Anyone who has attended more than a couple of Bassmaster Elite Series events in 2007 is likely to have seen Ken Hoover, and just as likely not even to have noticed him.
A trim, bespectacled man of 57, with salt-and-pepper hair tucked beneath a cap, Hoover is the gentleman holding plastic sacks laden with lunches, waiting calmly at the launch dock, waiting to feed the pros.
He's there, handing out meals to Aaron Martens, John Crews, Shaw Grigsby, Peter Thliveros, Jason Quinn and Gerald Swindle, among others, because he's convinced that few people anglers included recognize the physical demands of professional bass fishing.
He arrived at that conclusion after outfitting anglers with heart monitors this season to observe their calorie consumption. And even to him, the data have been "scratch-your-head numbers."
For instance, Thliveros burned 4,800 calories on Day Two of the Empire Chase. Martens burned through more than 5,800 during a day on Lake Guntersville, "throwing a spinnerbait all day," Hoover said.
They're the sort of figures that give lie to the old notion of pro fishing as a sport full of guys "patiently waiting for the camera to turn away from them so they can chug another Pabst from the Styrofoam cooler hidden under their tackle box," as a San Francisco Examiner columnist recently dismissed it.
Rather, the calories burned at the heart rate anglers maintain during the day is closer to jogging five miles in an hour, then lifting weights for an hour then repeating that process four more times.
"He knows what an average professional angler takes to keep going," angler Shaw Grigsby said of Hoover. "That was the start. It's not just a sedentary activity."
Hoover, who has made a career of consulting for health clubs and various fitness-minded celebrities and athletes, hopes to convince BASS of the need to treat its competitors more like athletes. His dream, he says by phone from Fort Worth, Texas, is to garner sponsorships that would allow him to develop a "fitness trailer" like those that follow the PGA tour.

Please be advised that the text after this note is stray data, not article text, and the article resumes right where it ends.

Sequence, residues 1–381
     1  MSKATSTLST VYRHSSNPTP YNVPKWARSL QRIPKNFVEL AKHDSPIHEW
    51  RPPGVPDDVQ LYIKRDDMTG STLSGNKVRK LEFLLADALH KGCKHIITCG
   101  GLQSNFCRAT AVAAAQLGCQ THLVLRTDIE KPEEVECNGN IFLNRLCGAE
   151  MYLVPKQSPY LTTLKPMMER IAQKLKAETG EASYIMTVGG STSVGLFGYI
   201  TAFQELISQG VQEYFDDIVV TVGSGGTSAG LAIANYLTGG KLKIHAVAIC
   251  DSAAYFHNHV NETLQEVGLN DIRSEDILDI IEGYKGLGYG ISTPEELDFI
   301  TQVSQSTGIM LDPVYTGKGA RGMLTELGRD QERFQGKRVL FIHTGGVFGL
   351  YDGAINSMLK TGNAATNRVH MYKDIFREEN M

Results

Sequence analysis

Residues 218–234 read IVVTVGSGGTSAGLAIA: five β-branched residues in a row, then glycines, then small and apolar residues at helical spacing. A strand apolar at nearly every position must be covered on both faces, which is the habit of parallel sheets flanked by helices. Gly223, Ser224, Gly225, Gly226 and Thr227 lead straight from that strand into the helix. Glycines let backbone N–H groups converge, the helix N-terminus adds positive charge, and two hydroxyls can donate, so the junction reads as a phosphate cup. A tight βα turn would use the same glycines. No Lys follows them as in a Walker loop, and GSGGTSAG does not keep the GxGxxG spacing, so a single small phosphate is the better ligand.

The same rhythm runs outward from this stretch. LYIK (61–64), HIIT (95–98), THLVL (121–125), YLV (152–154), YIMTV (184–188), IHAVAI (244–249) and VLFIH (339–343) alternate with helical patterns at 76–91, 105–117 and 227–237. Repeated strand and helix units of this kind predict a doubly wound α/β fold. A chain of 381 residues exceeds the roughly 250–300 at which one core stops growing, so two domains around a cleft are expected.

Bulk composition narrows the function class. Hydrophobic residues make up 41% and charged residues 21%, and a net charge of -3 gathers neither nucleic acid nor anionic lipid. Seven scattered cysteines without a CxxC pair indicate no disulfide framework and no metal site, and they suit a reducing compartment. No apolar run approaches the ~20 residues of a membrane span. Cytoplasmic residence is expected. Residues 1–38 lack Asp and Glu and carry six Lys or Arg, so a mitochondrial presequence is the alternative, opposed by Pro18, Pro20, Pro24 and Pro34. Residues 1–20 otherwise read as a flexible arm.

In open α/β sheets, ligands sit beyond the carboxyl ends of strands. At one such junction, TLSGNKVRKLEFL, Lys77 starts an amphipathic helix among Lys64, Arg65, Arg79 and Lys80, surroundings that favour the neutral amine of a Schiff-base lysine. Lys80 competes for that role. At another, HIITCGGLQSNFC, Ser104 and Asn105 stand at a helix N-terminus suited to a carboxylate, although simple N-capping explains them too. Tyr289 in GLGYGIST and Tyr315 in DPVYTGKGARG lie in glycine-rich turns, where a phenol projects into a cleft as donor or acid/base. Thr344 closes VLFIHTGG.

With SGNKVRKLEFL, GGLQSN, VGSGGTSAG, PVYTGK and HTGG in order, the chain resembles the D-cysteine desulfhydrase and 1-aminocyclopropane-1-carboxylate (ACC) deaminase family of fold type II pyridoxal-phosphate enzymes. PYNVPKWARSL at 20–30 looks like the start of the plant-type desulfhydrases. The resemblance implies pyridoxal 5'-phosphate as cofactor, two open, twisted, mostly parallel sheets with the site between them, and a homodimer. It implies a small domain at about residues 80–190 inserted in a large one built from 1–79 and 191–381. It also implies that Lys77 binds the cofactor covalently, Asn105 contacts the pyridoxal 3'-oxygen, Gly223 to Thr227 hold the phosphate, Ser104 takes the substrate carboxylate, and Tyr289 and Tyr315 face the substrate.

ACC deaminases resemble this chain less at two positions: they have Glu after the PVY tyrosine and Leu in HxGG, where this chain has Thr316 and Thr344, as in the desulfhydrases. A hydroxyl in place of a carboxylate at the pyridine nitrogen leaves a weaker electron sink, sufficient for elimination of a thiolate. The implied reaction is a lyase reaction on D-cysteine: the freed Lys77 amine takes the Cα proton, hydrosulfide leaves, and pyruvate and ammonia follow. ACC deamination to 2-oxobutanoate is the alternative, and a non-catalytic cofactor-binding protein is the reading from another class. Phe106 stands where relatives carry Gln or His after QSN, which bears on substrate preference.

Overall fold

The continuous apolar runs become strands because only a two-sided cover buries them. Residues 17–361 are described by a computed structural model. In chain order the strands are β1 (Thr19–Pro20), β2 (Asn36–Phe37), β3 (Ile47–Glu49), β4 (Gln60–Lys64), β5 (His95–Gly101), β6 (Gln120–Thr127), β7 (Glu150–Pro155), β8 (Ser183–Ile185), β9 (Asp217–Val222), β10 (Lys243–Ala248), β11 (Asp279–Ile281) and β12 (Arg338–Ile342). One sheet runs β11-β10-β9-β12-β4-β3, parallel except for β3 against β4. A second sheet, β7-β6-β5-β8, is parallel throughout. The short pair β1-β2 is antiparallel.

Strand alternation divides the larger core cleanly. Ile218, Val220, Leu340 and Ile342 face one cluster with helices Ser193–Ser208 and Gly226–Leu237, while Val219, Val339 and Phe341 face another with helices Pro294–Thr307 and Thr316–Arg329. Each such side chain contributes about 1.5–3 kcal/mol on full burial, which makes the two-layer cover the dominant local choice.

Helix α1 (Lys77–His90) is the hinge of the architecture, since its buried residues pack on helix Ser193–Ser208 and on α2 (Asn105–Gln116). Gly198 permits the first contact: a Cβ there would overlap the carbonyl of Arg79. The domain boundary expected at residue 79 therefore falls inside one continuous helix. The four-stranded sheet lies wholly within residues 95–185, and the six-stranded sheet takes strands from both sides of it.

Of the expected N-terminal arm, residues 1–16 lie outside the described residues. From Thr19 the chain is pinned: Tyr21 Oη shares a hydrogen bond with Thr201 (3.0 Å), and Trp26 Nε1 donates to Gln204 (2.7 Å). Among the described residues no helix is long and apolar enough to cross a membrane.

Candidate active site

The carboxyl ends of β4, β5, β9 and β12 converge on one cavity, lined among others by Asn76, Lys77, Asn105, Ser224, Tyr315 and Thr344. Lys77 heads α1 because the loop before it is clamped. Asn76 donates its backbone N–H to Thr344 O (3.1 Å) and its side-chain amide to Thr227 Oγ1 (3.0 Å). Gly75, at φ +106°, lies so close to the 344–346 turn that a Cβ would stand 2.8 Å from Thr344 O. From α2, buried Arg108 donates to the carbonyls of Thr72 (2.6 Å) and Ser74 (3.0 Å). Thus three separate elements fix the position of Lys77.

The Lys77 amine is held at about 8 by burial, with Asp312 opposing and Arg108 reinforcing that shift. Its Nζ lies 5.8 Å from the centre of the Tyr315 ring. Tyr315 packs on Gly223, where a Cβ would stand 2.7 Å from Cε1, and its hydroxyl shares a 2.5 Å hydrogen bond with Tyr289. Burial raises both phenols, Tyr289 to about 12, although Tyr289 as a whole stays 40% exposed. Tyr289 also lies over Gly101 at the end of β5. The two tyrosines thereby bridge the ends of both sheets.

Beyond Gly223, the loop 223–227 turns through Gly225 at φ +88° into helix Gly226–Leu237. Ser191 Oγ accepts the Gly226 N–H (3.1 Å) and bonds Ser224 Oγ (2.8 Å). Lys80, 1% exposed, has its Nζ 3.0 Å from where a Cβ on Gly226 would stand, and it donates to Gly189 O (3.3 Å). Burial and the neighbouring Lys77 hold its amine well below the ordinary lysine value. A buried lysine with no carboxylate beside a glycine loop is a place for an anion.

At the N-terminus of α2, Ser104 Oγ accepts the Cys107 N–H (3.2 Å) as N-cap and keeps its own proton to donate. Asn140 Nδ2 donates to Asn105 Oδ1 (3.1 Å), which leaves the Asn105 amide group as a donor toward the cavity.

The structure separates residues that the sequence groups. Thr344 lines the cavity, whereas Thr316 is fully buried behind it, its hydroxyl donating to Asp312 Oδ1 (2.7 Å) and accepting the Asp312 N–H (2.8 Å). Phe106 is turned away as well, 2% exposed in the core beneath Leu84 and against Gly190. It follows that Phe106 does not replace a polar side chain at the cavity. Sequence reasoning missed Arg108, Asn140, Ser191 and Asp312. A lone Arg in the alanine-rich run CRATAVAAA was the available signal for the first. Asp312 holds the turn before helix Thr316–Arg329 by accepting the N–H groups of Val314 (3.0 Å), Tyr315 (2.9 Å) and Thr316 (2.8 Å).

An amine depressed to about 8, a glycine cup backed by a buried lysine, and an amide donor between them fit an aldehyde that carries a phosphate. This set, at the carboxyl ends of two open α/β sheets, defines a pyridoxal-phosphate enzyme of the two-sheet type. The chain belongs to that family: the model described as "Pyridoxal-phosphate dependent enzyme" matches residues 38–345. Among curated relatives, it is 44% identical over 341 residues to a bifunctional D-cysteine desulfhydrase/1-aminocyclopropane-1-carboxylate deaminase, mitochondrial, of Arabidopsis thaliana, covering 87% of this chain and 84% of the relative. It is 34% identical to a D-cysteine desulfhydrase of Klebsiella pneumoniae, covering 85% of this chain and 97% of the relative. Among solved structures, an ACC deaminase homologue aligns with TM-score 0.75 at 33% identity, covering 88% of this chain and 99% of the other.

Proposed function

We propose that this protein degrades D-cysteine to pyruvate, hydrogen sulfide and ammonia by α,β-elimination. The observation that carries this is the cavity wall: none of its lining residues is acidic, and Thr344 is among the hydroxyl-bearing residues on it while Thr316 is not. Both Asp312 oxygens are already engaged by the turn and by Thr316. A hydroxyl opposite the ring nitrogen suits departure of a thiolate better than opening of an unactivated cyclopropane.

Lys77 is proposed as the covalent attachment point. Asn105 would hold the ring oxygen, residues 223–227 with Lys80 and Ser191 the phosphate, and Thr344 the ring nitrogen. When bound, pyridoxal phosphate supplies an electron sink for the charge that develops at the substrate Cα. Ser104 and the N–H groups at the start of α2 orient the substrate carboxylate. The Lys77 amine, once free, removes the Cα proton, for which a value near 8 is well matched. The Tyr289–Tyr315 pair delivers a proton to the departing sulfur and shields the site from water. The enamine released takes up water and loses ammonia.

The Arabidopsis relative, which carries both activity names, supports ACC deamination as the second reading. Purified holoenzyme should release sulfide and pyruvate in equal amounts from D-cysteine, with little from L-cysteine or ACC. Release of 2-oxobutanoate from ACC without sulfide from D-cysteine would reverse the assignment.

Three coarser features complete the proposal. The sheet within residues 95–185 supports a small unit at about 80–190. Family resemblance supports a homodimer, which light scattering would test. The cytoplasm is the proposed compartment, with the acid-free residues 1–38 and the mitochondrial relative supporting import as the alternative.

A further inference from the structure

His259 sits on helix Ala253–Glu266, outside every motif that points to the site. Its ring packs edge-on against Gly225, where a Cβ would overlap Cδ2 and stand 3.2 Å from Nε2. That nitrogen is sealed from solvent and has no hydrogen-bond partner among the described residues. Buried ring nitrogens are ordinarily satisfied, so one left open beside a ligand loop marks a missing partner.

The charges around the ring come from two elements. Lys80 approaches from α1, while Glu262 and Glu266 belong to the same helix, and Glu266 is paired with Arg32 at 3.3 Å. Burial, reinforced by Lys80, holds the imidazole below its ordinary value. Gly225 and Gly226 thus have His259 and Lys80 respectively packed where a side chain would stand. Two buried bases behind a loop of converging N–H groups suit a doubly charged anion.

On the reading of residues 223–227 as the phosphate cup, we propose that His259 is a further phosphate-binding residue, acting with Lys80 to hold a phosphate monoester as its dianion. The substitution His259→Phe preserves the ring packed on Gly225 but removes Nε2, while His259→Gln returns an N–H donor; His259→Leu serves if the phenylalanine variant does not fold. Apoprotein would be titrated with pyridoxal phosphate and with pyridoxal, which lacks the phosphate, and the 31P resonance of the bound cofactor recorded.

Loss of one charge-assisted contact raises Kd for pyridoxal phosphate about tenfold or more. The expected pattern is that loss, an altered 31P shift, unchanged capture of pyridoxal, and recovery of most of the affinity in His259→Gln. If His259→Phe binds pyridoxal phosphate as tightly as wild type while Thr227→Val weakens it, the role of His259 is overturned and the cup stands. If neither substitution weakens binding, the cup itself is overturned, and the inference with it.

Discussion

If golfers need an athletic support system, Hoover figures, bass fisherman do as well. While part of his mission has been to show how much abuse anglers inflict on their bodies, he has also been convincing anglers to repair that damage, by snacking.
"They will take the time to eat," Hoover said, "if you can put it in a form that they can deal with, which means brief and doable and tasty."
For the Elite Series pros to replace the calories they burn, Hoover has been pushing sandwiches (usually beef, chicken or peanut butter and jelly), apples, pineapple, rice cakes, protein bars and shakes. Sounds simple enough, but it has at times been a hard sell to anglers accustomed to fishing and driving their boats every available second during a tournament.
Hoover recalled the first time he approached Thliveros with a bag of food. "He just held it up and he said, 'You want me to eat that?'" Hoover confirmed that that was the plan. "And he said, 'Today?'"
Like many of the pros, Thliveros arranged his days around wasting no motion, and that included eating. His normal routine was to grab a quick breakfast, eat a light snack on the water, weigh in his fish at the end of the afternoon, then wolf a humongous dinner right before bed. "That," Thliveros said, "is just terrible for you."